Figure 5

Genomic structure of the Abcg5 and Abcg8 genes showing the site and nature of the trac mutation. (A) Abcg5 and Abcg8 are arranged tandemly head to head in opposite transcriptional orientations (arrows) and span ∼ 42 kb on mouse chromosome 17 from position 84.567 Mb to 84.609 Mb (National Center for Biotechnology Information build 36)23  as shown in the scale at the top of the figure. Individual exons of each gene are numbered and represented as filled rectangles and introns are represented as connecting lines. (B) The trac mutation is a G to A base pair substitution in exon 10 of the Abcg5 gene. The mutation changes a UGG tryptophan (Trp) codon in wild-type (+/+) mice to a UGA stop codon in mutant (trac/trac) mice. (C) The normal mouse ABCG5 protein (NP_114090) is composed of 652 amino acids and contains 6 predicted transmembrane domains (gray cylinders). The premature stop codon introduced by the trac mutation at amino acid position 462 is predicted to truncate the protein after the second transmembrane domain and eliminate 190 amino acids containing 4 additional transmembrane domains (region enclosed in black box).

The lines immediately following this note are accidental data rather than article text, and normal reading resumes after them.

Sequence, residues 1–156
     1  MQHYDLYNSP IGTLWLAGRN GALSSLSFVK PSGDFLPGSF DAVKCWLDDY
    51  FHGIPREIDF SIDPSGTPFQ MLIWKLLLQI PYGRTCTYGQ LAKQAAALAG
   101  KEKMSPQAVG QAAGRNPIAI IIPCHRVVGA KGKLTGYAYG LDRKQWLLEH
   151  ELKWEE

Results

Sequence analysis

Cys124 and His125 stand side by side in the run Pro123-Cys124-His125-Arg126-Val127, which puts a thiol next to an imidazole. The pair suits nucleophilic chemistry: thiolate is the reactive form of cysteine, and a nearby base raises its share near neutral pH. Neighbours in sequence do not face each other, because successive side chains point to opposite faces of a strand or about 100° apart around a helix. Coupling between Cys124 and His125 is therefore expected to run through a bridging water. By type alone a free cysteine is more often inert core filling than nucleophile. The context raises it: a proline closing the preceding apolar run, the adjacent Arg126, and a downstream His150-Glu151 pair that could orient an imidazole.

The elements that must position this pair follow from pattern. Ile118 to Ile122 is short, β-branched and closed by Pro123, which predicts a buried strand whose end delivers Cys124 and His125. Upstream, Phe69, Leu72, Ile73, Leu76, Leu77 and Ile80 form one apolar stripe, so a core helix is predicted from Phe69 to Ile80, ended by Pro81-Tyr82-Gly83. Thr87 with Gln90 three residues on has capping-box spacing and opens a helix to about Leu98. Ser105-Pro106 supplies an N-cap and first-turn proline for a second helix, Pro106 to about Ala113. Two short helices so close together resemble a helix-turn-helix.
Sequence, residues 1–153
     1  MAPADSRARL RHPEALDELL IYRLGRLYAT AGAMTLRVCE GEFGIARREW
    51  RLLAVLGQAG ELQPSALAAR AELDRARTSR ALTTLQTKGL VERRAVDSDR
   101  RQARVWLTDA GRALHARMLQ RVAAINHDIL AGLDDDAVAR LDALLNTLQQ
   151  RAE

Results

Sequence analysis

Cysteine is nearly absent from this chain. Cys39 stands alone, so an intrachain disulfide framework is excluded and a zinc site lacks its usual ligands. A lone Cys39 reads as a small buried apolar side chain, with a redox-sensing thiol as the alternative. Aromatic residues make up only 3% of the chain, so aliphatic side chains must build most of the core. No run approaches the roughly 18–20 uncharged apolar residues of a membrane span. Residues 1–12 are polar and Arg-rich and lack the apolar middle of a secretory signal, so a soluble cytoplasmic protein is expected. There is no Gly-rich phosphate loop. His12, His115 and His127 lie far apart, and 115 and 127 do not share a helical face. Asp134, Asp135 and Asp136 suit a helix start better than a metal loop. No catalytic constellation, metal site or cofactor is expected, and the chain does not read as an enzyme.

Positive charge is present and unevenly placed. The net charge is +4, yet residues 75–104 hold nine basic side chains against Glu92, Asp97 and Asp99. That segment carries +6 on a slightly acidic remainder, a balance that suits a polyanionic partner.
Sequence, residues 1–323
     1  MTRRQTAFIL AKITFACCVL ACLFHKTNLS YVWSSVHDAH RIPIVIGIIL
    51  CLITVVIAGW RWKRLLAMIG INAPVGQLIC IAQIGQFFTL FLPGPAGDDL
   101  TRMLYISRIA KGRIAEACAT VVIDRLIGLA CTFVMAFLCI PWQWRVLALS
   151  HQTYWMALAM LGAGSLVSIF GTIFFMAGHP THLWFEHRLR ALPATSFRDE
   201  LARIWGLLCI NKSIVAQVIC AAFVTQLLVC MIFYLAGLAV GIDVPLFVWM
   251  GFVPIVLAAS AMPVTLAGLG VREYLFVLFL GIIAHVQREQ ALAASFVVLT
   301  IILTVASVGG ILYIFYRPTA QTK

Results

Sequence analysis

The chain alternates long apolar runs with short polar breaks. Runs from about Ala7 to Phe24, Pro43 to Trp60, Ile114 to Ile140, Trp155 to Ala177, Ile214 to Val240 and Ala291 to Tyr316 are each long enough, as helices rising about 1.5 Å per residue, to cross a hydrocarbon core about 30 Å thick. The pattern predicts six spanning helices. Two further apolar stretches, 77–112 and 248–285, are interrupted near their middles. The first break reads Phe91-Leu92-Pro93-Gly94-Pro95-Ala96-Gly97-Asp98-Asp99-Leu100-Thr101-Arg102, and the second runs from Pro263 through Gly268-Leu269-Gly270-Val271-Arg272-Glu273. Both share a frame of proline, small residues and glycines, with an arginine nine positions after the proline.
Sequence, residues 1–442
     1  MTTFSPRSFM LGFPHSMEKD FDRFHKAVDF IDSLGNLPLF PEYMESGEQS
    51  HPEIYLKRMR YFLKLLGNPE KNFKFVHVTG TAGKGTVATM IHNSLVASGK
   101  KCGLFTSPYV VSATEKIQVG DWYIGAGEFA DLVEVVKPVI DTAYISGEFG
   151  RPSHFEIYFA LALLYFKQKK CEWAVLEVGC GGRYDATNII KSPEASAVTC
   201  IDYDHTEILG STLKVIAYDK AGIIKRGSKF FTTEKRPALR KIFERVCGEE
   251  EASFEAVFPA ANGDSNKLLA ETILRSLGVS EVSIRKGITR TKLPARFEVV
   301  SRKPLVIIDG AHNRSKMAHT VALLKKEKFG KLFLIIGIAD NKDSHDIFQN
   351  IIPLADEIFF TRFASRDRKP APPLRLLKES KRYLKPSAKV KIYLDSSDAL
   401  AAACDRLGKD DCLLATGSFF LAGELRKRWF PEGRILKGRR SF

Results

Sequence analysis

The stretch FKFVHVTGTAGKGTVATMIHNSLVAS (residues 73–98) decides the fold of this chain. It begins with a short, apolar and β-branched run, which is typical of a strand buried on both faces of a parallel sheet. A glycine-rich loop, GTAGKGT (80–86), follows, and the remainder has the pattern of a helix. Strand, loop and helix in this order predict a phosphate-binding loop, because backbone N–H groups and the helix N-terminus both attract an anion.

Close modal

Transgenic rescue of thrombocytopenia